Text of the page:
On Wednesday July 22nd, Mahdieh Babaiasl has successfully defended her PhD thesis entitled “Waterjet Fracture-directed Steerable Needles“.
The abstract of the thesis as follows:
Robotic needle steering is a proposed method in the literature for controlling long flexible needles through curved paths in the soft tissue. Needle steering is proven to be effective in correction of insertion errors, steering around obstacles to reach the targets unreachable through conventional methods, and reaching to multiple targets from a single insertion.
In spite of their many advantages and potential applications, they are limited by a number of factors. First off, they have constant curvatures and the attainable radius of curvature is a function of the needle and soft tissue parameters. Buckling is another issue that happens when the needle goes through structures and tissues that it cannot penetrate. This imposes a large force at the base of the needle and causes it to buckle.
The use of the waterjet in medical applications has been developed more recently and it is used for different applications such as soft tissue resection, bone cutting, wound debridement, and surgery. Because of the many advantages that the waterjet provides like selective cutting of the tissue layers in which the tissue layers can cut deliberately by controlling the pressure of the waterjet, it is an appealing technique for surgery instead of knife.
From the marriage between conventional steerable needles and the waterjet technology, waterjet steerable needles is born. In this technique, the direction of the fracture is controlled by high velocity waterjet and then the flexible needle follows the fractured path. This process continues until the needle can be steered in the soft tissue. Waterjet steerable needles resemble “drilling” in the sub-millimeter scale which has been proven to have superior advantages to conventional steerable needles.
Our results showed that cutting the tissue with the waterjet can eliminate the cutting force and thus reduces the force at the base of the needle resulting in reduced buckling. Moreover, waterjet steerable needles showed the possibility of smaller radius of curvature with reduced tissue damage. Waterjet steerable needles promise tissue-agnostic steering in which the needle can be chosen to have a low bending stiffness (because the waterjet does the cutting) to obtain super small radii of curvature.
On July 27th, Fan Yang, another doctorate student successfully defended his PhD thesis entitled “Fracture-directed Steerable Needles”.
The abstract of his dissertation is as follows:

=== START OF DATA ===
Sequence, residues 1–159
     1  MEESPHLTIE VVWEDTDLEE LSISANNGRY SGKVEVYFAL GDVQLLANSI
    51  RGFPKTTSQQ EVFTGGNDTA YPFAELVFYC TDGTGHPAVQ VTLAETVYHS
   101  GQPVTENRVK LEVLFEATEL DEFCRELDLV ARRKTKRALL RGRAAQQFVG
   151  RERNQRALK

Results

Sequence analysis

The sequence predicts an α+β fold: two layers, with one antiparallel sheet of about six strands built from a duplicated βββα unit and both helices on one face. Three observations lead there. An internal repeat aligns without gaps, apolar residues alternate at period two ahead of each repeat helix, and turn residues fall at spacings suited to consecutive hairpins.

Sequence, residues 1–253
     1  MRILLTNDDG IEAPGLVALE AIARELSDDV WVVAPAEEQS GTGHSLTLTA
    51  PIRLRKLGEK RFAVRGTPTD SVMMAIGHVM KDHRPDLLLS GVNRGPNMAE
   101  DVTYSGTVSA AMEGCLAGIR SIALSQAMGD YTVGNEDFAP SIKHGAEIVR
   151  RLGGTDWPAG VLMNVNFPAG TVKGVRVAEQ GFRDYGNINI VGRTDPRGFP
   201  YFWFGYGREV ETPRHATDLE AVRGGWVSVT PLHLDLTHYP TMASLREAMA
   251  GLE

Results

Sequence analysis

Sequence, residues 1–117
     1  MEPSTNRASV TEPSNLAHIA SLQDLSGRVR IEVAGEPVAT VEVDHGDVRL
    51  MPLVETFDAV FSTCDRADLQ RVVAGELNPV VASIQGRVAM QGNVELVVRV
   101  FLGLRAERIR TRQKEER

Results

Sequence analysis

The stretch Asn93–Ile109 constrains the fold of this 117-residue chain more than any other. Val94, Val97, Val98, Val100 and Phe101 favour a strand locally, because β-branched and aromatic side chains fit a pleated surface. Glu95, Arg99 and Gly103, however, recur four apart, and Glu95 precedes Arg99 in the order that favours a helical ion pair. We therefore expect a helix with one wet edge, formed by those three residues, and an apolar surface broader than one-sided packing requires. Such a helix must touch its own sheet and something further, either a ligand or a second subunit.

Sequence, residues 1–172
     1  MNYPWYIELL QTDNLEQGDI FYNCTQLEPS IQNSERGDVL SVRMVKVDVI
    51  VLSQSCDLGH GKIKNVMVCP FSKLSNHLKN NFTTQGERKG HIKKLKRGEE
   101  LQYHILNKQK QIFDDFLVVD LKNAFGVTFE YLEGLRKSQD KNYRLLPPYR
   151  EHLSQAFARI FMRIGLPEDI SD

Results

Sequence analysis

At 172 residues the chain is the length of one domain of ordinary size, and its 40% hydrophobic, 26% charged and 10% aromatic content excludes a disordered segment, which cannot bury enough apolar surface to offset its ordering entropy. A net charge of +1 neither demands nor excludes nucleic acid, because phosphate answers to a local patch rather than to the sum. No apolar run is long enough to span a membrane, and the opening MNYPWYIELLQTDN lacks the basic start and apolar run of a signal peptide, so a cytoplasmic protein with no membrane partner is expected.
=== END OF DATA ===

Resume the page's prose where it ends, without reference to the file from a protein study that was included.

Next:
Steerable needles have been widely researched for many years. Since they have the availability to steer to a target point avoiding obstacles and correcting themselves for disturbances, they have great potential to improve the accuracy of both therapies and biopsies.
However, the ability to make late-insertion corrections was limited by the attainable insertion radius of curvature. This dissertation describes the design and modeling of a new class of steerable needles, the insertion process is to first control the direction of the tissue fracture with an inner nitinol wire and then follow with a hollow nitinol tube.
This insertion approach has the capability to achieve a 6.9 mm insertion radius of curvature inside soft tissue phantoms with only 128Kpa Young’s Modulus, and the radius of curvature is controllable from the lower limit up to a near-infinite insertion radius of curvature based on the tissue properties and needle step length.
A comprehensive predictive model was developed based on experimental data to predict the insertion radius of curvature across a wide range of tissue stiffnesses and a complete finite element analysis model was conducted to validate it.
A variety of inner stylet geometries are investigated using tissue phantoms with multiple stiffnesses, and discrete-step kinematic models of motion are derived heuristically from the experiments.
A RG-RRT path planning algorithm and a straight-curve- straight heuristic path planning algorithm were developed to steer the needle in 2D or 3D space with obstacles.
Both of them have the capability to conduct closed-loop re-planning based on real-time visual feedback. This steerable needles research was motivated by reducing insertion radius, improving insertion accuracy, and ameliorate the clinical outcome.